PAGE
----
« August 2010 | Main | October 2010 »

September 2010

Reaffirmative Action

MOVIE REVIEW
Made in Dagenham (2010)

Made-in-dagenham-sally-hawkins
Susie Allnutt/Sony Pictures Classics

“Made in Dagenham” seems to be the British “Norma Rae.” Aside from their common thematic and period details, both draw from real-life inspirations and feature star-making turns from lead actresses named Sally. Unfortunately for “Dagenham,” it’s been 31 years since “Norma Rae” and this type of feel-good story about workers united for gender equality seems almost trite. As we know, affirmative action hasn’t entirely closed the gap between the sexes even three decades later.

Continue reading "Reaffirmative Action" »

The Writing Is on the Wall

MOVIE REVIEW
The Social Network (2010)

M. Tsai 1David Fincher: “The Social Network” is entertaining only because of Aaron Sorkin’s script, and even then in the most trivial sense. Besides your unmistakable visual vocabulary, you’ve brought little else to the film as a director. It pales in comparison to even your lesser works such as “The Game” and “Panic Room.” In fact, the whole thing is simply too brisk and lacks dramatic weight.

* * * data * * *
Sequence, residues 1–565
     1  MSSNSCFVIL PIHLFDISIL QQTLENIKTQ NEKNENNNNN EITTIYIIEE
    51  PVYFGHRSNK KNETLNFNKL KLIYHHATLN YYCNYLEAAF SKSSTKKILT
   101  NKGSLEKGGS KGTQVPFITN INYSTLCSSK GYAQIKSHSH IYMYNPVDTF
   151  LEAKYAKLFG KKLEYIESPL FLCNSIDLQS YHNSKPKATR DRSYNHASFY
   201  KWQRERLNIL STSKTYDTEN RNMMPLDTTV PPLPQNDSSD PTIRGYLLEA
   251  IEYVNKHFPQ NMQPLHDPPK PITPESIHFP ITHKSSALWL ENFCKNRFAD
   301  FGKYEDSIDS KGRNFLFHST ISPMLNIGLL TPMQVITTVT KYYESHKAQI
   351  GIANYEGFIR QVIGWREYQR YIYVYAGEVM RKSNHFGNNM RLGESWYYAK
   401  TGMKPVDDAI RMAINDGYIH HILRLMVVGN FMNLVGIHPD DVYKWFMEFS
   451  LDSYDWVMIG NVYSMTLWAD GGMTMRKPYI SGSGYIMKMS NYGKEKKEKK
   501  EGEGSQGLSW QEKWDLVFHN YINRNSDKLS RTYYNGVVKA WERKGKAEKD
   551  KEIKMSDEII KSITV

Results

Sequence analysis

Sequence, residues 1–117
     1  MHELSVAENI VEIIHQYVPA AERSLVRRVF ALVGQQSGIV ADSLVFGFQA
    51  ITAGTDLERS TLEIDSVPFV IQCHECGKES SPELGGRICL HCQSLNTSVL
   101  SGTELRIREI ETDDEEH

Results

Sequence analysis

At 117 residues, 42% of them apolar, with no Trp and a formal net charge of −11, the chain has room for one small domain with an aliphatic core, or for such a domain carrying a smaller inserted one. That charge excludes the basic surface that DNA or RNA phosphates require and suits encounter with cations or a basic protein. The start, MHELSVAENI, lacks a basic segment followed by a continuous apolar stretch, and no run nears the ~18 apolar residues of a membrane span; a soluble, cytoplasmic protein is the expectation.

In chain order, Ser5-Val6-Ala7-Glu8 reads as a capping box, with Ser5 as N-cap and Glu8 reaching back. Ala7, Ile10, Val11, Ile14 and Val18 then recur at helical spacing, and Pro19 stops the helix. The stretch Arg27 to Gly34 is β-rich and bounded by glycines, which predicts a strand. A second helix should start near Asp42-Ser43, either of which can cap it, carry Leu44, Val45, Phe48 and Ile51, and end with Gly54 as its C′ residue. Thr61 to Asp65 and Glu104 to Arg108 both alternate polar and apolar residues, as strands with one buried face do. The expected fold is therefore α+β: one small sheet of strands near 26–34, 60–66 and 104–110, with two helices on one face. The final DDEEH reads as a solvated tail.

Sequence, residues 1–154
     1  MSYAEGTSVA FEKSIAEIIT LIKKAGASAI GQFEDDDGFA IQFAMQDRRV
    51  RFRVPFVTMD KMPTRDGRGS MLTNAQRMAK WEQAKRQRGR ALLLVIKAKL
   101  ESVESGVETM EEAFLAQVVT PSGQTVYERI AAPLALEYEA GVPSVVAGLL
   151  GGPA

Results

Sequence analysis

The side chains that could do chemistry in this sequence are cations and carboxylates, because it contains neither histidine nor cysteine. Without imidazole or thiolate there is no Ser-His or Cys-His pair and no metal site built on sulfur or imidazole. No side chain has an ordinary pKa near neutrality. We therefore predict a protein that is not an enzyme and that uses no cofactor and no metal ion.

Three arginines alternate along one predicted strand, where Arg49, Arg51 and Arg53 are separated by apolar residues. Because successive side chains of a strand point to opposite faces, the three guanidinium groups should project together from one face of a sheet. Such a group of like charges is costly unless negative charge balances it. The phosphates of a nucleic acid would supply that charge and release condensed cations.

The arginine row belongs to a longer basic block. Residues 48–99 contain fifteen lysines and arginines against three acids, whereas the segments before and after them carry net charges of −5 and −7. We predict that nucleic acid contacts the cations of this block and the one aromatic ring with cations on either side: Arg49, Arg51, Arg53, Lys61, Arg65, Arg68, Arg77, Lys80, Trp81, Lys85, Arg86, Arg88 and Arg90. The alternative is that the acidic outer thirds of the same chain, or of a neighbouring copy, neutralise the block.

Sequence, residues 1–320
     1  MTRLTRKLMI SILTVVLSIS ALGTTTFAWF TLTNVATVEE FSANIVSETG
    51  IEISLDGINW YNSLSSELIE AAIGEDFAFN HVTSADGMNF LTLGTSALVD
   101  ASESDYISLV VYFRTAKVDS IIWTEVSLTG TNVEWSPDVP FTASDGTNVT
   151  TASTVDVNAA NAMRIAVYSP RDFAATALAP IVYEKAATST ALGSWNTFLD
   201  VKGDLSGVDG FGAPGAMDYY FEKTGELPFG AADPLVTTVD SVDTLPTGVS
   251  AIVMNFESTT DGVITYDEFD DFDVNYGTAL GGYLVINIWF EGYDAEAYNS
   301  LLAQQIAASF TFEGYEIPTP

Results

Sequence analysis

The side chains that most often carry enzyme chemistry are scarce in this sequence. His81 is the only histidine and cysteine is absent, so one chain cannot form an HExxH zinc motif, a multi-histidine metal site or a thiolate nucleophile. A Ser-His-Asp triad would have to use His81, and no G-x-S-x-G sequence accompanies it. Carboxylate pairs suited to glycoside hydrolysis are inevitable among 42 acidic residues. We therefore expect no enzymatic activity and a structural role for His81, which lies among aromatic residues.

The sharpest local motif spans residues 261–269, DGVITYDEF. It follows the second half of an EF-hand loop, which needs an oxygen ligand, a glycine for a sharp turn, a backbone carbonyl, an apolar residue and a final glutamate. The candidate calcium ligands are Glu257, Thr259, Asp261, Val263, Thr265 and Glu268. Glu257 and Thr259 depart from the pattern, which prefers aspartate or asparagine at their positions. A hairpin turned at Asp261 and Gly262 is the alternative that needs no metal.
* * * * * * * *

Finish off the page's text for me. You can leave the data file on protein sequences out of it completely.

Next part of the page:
Wednesday at 11:59pm · Comment · Like · See Wall-to-Wall

M. Tsai 1Aaron Sorkin: There’s no shortage of admirers of your snappy dialogue, but it’s difficult to take anything you write too seriously. It’s fine when the subject is a presidency that no one would mistake for the real thing. But you continue to put Sorkinese in the mouths of your characters in “The Social Network” despite the fact that it’s the true story of the founding of Facebook. Nobody motormouths like that in real life.

Wednesday at 11:55pm · Comment · Like · See Wall-to-Wall

Continue reading "The Writing Is on the Wall" »

Another Stakeout

MOVIE REVIEW
Aurora (2010)

Aurora-cristi-puiu
Coproduction Office

Cristi Puiu famously told the Times that “There is not, not, not, not, not a Romanian new wave.” He certainly made his case with “The Death of Mr. Lazarescu,” a black comedy about Romania’s broken-down health-care system that ultimately became something miraculous. Five years later, though, his follow-up “Aurora” seems to disprove the very same point. The film plays out almost in the same fashion as Corneliu Porumboiu’s “Police, Adjective,” with long stretches of silence and staking out/stalking and then concluding at a police station.